Monday 19 December 2016


Exposed underbelly of River Limpopo in Chokwe district of Gaza Province. 

“This city is impressive.” I think, looking out the cab window on the drive from Maputo International Airport. Well-mannered drivers obey road rules; a notable absence of police attempting to direct traffic; and tidy, quiet streets. “This is quite the opposite to what we have in Nairobi,” I tell Franco, our driver, who for some reason has been calling me sir Eduardo.

Franco smiles back at me, “This is Maputo, sir Eduardo – the real Mozambique is starving.”

As a communications officer in Save the Children’s East and Southern Africa Regional Officer, I am required to travel to different countries in the region to speak to children and families we are supporting.

During my time at Save the Children I have seen families suffering through a lot of hardship. No one, however, had prepared me for what I was about to experience in drought-affected Mozambique.

With colleagues from the Mozambique Country Office, I travelled to Xai-Xai district in Gaza province, where we are implementing an emergency response to the massive drought affecting food security and families’ livelihoods in this part of the country.

It took half a day to move from Xai-Xai to a village called Tsokati, then to Mabalane. From the car I saw parched lands, dry rivers and farm lands devoid of crops or livestock. The rivers were thirsty. ­­The underbelly of Limpopo River is exposed, cracked bare – almost like it is enjoying the heat from the sun’s rays. Water is visible only in small puddles, where some children play in respite from mid-morning sun.

Desperate farmers have also brought cattle to the thirsting river, and they drink from few last puddles which miraculously still have some water.

At Tsokati, we are greeted by villagers who seem elated to see a Save the Children vehicle. To them, Save the Children brings hope for a better tomorrow – hope of life. I notice a few toddlers playing with empty water containers in the searing heat. My heart sinks.

Doli Makamu, a single mother, tells me how livelihood interventions have kept her and her family alive. “I receive food rations which have kept our stomachs filled and the children are able to go to school now.” She says, “Save the children also dug a borehole which has helped the water situation”

“Our farms dried up years ago and we only live with the hope that tomorrow would be better and the skies will open up soon.”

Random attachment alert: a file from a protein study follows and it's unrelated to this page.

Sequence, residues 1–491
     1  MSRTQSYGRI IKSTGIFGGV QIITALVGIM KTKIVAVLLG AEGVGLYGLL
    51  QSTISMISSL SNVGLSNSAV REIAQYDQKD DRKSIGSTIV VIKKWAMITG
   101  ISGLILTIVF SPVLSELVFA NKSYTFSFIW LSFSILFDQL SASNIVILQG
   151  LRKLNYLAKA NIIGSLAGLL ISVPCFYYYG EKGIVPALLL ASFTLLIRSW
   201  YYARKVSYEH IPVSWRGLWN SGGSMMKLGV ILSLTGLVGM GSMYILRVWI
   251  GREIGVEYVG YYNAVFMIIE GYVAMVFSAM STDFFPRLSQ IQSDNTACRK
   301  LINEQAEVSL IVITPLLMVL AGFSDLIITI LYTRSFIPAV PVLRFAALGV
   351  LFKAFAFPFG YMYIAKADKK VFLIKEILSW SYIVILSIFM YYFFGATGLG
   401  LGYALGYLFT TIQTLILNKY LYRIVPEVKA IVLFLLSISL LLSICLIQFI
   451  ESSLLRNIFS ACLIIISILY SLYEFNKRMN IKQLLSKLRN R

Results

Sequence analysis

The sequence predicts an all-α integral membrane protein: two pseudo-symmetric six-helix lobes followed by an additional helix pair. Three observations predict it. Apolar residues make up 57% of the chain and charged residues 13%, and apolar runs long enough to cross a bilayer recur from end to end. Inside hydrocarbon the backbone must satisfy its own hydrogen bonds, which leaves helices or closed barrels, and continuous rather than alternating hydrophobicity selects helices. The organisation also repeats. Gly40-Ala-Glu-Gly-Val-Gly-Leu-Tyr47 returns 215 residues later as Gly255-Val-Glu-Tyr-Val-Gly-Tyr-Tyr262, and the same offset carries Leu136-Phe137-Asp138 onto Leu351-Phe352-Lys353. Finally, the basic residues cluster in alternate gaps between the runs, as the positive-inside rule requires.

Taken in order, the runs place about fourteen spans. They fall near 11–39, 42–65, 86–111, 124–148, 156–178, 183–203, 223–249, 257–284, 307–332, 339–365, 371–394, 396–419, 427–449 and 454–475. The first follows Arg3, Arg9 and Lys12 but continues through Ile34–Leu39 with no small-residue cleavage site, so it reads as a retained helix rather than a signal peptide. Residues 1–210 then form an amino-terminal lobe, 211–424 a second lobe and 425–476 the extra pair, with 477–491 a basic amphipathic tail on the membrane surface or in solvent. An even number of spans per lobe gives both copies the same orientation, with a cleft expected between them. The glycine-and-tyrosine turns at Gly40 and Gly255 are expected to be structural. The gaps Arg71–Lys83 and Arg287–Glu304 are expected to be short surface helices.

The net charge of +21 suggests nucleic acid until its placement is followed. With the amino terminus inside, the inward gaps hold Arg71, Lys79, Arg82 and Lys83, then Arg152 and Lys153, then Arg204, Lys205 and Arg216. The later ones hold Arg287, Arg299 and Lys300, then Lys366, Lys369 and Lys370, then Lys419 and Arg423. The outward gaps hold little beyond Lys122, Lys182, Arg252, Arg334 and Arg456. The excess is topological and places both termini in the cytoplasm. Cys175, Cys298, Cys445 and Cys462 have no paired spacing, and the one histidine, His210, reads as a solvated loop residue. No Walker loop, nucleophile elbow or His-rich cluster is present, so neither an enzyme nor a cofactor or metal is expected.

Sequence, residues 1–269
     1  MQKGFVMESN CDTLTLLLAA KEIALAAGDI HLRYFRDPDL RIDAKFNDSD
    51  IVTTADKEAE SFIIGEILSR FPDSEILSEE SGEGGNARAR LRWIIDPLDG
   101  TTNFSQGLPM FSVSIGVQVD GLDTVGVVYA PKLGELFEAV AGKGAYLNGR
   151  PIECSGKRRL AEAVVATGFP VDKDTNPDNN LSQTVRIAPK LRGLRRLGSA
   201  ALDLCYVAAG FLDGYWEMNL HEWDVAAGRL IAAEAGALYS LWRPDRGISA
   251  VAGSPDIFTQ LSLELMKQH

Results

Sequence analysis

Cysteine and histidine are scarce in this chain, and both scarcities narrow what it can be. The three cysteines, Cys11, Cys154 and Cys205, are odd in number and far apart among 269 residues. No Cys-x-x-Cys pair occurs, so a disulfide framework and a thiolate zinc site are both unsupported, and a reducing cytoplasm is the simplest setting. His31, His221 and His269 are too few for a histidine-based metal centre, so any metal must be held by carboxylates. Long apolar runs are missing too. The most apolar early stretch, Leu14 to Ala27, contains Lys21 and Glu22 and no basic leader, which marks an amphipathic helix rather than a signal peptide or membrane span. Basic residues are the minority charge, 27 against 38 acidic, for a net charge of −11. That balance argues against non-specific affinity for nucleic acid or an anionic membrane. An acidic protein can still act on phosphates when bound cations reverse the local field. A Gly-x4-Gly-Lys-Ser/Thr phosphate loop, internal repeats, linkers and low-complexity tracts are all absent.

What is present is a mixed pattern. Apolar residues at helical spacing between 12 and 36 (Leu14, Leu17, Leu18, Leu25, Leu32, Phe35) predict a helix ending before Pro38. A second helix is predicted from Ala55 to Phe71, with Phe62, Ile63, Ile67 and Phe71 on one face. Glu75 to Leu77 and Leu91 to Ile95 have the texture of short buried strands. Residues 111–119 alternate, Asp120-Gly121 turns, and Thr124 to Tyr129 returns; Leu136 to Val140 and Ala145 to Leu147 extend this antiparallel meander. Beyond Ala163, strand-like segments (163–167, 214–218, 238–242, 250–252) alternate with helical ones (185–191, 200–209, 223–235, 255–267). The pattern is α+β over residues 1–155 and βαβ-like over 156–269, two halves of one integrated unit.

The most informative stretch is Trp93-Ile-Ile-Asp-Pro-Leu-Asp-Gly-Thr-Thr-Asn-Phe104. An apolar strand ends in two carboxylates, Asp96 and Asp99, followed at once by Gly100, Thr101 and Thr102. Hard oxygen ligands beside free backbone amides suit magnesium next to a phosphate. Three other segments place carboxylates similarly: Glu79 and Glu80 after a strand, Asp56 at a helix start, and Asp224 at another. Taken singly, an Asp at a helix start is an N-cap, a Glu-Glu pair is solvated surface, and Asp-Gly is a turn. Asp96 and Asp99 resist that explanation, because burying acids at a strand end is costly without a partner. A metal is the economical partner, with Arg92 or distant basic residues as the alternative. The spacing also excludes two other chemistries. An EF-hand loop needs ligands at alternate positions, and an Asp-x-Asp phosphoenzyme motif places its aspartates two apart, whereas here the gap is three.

This story is repeated across all the villages we visit. It is a story of empty rivers and dry land. The sun has opened up its fiery tunnels scorching both animals and people and the skies are so clear. No rain.

Mozambique is just one of the Southern African countries that have been affected by one of the worst droughts in 50 years. Other affected countries include Malawi (where reports indicate that 6.5 million - half of which are children - will be affected), Botswana, Lesotho, Swaziland, Namibia Zambia and Zimbabwe.

One-third of the Mozambican population is chronically food-insecure and half a million children aged 6-23 months are undernourished. Malnutrition among children remains alarmingly high at 43 percent under 5 years of age.

Across parts of East and Southern Africa is a certain dryness in the air; it leaves you with a bitter taste – almost like it is choking you. In my thoughts are the millions of children who are experiencing long days on empty stomachs, dry throats and unsure what tomorrow holds.

Earlier in the year, I was in Malawi. Now that I am in Mozambique I am struck by the similarities in the stories families are sharing with me: failed rains; dry rivers; empty farm lands; and empty stomachs.

In Malawi, only one or two rivers had diminished levels of water in our drive from Lilongwe to Blantyre. The rest are dry.

And I know as I travel to more of the region’s drought-affected especially in Southern Africa, countries like Malawi, Mozambique, Zambia, Zimbabwe and even Tanzania - the stories will be the same, yet the suffering will only get worse as time goes on.

There are some images that live with one always whether you are there physically or not. The images of despair in some of the places I visit in the line of duty live with me, the only thing that makes it slightly better is knowing that I work for an organisation that is striving to alleviate the suffering.

As we strive to reach every last child, let’s have a special place for every child experiencing the effects of this horrendous drought in East and Southern Africa.  

Blog by Edward Ahonobadha. Regional Communications and Media Officer